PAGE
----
Now a days, it is laproscopic. They go in there without disturbing everything and make the cut. In my day, they pulled everything out a bit to work on it which created more stress on all the neighboring organs. Today, the operation takes about an hour including prep and recovery. The little ones can eat the same day and go home the next.

All is Well

Little David was a text book case. He ate already and tomorrow - home he goes. What a journey life is with little ones? It takes you to a whole new world - once again. There are moments when nothing else matters, all appointments are cancelled and are less important. You are reminded of what your primary responsibilities are all about - watching over them (even if it is literally watching over them for 40 hours straight). In any case, all is well and he will not remember a thing (except I will remind him endlessly with a copy of this blog when he is older).

Thanks

For now, all I can say is - many thanks to everyone who helped us at every stage and one more thing: Good Night (at 3:55 am).

6 Comments:

At 5:41 PM, Anonymous Anonymous said...

Good evening Summer and David and "little David",
What a great job you did on the blog page! And at 3:55 AM!!
You certainly "sprang into action" - just like your father did.
I am so happy that they have changed the procedure from when you were born.
You are so fortunate to be so close to a wonderful hospital. Dad had to drive 90 miles each way from Danielson.
Love, Mom

 
At 6:08 PM, Anonymous Anonymous said...

I'm glad it all worked out okay! Yay to the baby being home again =)
~Laura Lynn

 
At 9:16 AM, Blogger David Fetterman said...

And David,
I'm so glad everything is ok with little David. Thanks for the blog update!
Once Jen told me, I thought, I bet there's something on the blog. Genetics
is fascinating - hard to believe you two have the same scars now.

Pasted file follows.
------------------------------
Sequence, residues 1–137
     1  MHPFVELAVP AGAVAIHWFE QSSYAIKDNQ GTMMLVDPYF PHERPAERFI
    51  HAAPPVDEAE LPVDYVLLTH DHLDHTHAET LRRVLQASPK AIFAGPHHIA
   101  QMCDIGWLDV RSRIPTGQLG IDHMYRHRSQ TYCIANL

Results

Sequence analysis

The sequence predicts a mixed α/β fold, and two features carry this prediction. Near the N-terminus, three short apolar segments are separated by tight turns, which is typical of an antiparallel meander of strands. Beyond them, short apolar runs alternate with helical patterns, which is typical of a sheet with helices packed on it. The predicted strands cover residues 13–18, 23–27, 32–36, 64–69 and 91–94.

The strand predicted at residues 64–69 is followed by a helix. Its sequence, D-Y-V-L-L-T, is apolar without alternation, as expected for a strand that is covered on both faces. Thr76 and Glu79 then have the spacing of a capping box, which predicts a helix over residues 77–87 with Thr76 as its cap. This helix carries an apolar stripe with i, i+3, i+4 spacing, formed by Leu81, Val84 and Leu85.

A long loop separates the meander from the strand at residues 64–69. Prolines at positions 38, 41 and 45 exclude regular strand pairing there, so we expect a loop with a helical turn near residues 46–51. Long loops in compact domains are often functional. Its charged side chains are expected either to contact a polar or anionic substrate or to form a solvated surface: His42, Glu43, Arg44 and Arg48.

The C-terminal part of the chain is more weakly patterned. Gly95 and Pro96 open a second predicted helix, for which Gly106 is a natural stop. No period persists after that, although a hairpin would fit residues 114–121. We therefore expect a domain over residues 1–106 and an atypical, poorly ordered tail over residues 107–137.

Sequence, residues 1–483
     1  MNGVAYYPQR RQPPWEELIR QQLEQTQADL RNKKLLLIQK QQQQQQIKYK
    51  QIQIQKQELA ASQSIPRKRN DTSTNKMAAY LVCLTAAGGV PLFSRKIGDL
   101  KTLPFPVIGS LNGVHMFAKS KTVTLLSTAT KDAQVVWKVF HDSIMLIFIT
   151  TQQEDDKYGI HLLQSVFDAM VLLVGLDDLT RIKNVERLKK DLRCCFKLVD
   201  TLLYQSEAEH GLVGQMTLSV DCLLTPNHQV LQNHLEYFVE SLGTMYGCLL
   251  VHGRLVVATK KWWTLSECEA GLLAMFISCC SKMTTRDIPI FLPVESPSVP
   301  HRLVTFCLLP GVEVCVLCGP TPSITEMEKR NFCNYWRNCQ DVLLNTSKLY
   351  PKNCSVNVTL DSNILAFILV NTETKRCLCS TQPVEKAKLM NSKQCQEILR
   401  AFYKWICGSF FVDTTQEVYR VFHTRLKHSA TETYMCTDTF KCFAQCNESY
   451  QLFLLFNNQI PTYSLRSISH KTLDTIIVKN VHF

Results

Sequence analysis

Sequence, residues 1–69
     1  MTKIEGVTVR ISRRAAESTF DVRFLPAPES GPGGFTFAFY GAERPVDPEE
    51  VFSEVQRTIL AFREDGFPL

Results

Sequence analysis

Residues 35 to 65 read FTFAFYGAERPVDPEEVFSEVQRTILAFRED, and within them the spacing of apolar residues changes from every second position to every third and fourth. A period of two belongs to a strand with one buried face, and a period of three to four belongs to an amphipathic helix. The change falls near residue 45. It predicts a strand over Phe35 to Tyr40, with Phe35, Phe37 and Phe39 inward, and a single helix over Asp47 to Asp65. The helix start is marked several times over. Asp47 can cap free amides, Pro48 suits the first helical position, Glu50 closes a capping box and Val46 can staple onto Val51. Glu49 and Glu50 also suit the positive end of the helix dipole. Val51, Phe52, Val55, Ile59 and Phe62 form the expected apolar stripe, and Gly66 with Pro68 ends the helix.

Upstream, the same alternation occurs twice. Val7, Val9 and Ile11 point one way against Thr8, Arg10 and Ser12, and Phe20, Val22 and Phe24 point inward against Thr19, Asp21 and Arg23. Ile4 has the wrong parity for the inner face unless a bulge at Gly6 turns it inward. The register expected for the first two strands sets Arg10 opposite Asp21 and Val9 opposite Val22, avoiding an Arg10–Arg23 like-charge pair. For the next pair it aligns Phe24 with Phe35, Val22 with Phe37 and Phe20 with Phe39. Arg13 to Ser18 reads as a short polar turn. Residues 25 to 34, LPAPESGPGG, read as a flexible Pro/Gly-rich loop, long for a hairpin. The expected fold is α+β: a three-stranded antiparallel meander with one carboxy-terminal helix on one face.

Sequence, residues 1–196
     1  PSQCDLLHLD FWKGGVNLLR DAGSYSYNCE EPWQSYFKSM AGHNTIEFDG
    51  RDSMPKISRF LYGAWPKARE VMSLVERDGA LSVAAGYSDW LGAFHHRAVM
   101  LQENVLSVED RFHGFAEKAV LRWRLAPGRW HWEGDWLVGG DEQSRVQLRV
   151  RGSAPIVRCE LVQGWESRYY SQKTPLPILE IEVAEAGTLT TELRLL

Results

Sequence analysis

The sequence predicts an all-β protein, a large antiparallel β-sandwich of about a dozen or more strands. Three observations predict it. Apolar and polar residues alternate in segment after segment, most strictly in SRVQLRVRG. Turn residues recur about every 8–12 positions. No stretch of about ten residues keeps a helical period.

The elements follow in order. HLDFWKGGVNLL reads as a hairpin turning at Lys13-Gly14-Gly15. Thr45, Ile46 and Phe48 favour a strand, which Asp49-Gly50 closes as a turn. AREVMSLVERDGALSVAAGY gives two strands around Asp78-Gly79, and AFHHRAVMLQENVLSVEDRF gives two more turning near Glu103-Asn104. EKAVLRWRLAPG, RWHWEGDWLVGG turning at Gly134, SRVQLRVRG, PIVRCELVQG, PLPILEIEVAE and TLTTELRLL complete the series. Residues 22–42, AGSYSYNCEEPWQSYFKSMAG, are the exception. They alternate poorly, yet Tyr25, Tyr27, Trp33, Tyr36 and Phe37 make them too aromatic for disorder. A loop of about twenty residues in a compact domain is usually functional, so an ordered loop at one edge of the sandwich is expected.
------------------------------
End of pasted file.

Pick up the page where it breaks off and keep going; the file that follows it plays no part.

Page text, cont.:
Best,
Heather

 
At 9:19 AM, Blogger David Fetterman said...

glad to hear that you came through and helped rescue little david. he
certainly is a chip off the old block.

abe

 
At 2:36 PM, Anonymous Anonymous said...

What a miracle this little baby is. The two of you have come through for him twice already in only 13 days! David Mark is so lucky to have you two as parents! He is so handsome too. lots of love, Judy

 
At 10:06 AM, Blogger David Fetterman said...

DF: This email is from the doctor who brought David Senior into this world.

Dear Elsie,
We have been meaning, for some time, to write you about the truly
remarkable and unique document we received about the birth of your newest
grandchild.
I really think that there are few, if any, other families that could have
produced such a gesichte. In the first place, the two pyloric stenoses and the
fact that by virtue of his own experience, David was able to recognize the
condition early and get such advantageous early treatment. And then, the calm
acceptance of the bris, the beautiful pictures,, including the arrival of the
youthful-looking grandmother. Finally, the list of David's impressive
achievements and international recognition. Tell me, is
his company totally private and separate from Stanford?
We think the Fettermans are a remarkable family.

Will we be seeing you soon in Florida? much love,

Gert and Moe

 

Post a Comment

<< Home